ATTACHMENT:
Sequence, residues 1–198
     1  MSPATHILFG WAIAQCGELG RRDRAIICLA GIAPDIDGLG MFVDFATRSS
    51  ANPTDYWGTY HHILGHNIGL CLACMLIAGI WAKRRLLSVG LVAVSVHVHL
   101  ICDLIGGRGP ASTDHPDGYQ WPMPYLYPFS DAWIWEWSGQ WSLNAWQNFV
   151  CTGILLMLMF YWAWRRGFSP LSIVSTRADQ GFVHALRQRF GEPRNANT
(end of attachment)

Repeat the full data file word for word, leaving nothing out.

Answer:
Sequence, residues 1–198
     1  MSPATHILFG WAIAQCGELG RRDRAIICLA GIAPDIDGLG MFVDFATRSS
    51  ANPTDYWGTY HHILGHNIGL CLACMLIAGI WAKRRLLSVG LVAVSVHVHL
   101  ICDLIGGRGP ASTDHPDGYQ WPMPYLYPFS DAWIWEWSGQ WSLNAWQNFV
   151  CTGILLMLMF YWAWRRGFSP LSIVSTRADQ GFVHALRQRF GEPRNANT